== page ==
Transportation and Narrative Persuasion

Reference:

Green, M. C., & Brock, T. C. (2000). The role of transportation in the persuasiveness of public narratives. Journal of Personality and Social Psychology, 79(5), 701-721. doi: 10.1037///0022-3514.79.5.701


Hypothesis:
 

To the extent that individuals are absorbed into a story or transported into a narrative world, they may show effects of the story on their real-world beliefs. 

Transportation was defined as a convergent process, where all mental systems and capacities become focused on events occurring in a narrative with three consequences.  Parts of the world of origin become inaccessible (getting lost in a story).  Strong emotions and motivations are experienced even when they know the events in the story are not real.  Readers return changed by the experience.   Four studies were conducted to test the hypothesis.

Participants: 

Undergraduates were given partial credit and assigned to various conditions.

Methods: 

Participants were given a story to read and then completed a dependent variable packet.  The dependent variables examined included story-specific beliefs, transportation, reality-source monitoring, character evaluations and recall among other variables.

 In the first experiment, participants were either assigned to one of two conditions: fiction – where the story was formatted as a narrative in a literary magazine, or nonfiction – where the story was formatted as a narrative in a newspaper clipping.  Both conditions were also clearly labeled as fiction or nonfiction on the front page of the narrative.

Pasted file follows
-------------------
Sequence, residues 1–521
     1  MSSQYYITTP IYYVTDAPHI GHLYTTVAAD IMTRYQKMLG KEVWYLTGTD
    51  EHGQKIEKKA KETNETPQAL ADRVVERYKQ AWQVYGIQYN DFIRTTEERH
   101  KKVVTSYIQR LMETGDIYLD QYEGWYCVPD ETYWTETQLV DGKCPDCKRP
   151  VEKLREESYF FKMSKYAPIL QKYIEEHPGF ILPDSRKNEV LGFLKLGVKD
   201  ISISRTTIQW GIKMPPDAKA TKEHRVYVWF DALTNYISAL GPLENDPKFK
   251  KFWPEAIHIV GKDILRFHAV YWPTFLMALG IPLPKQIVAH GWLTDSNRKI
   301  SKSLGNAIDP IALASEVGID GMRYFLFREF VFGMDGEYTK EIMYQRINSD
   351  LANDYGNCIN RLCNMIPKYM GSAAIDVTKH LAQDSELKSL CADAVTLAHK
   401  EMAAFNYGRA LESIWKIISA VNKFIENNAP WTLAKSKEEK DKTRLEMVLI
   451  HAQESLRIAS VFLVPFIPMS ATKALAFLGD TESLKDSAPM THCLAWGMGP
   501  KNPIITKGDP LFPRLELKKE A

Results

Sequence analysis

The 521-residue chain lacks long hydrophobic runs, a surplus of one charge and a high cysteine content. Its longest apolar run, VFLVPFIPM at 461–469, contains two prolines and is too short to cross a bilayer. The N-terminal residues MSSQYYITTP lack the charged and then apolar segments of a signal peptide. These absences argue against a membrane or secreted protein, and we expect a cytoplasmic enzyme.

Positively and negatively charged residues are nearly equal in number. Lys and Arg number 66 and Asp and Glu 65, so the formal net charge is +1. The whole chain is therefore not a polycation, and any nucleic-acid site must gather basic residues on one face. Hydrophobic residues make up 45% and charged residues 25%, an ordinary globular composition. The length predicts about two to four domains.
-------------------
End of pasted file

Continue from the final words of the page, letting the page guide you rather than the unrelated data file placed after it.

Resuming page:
Results: 

The study demonstrated a positive correlation between transportation, story-consistent beliefs, and positive evaluations towards the protagonist.  Response on belief indexes did not differ as a function of story source.  In fact, participants could rarely recall the correct reality status of their assigned story. 

Discussion: 

The three subsequent experiments further tested the correlation between transportation and real-world beliefs by manipulating story frame, reader’s instructions, drawing even more pronounced attention to the fiction/nonfiction condition, and by varying the text to less engrossing material.  The results consistently supported the findings in the first experiment with less compelling tests slightly more susceptible to transportation-weakening instructions. 

Fact or fiction recall was only apparent in the fourth experiment when participants were asked to circle whether their assigned story was designated as fiction or nonfiction before reading the story.

Comments/Questions:

What if the story promotes values counter to the reader’s values?  What if the story is viewed instead of read?  Would fact/fiction blur even more?

Take-away: 

To the extent that readers engage with written narrative and connect with the protagonist, they are likely to conform real-world beliefs to story-generated beliefs.  Further, once engaged, readers rarely recall whether the narrative was fact or fiction based.

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